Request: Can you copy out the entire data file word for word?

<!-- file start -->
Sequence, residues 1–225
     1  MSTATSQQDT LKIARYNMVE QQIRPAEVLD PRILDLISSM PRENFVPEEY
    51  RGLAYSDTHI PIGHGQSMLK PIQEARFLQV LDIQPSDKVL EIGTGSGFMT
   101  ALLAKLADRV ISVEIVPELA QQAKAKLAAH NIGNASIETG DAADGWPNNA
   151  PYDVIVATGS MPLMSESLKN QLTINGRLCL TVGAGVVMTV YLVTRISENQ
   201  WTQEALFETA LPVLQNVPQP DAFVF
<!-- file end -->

Sequence, residues 1–225
     1  MSTATSQQDT LKIARYNMVE QQIRPAEVLD PRILDLISSM PRENFVPEEY
    51  RGLAYSDTHI PIGHGQSMLK PIQEARFLQV LDIQPSDKVL EIGTGSGFMT
   101  ALLAKLADRV ISVEIVPELA QQAKAKLAAH NIGNASIETG DAADGWPNNA
   151  PYDVIVATGS MPLMSESLKN QLTINGRLCL TVGAGVVMTV YLVTRISENQ
   201  WTQEALFETA LPVLQNVPQP DAFVF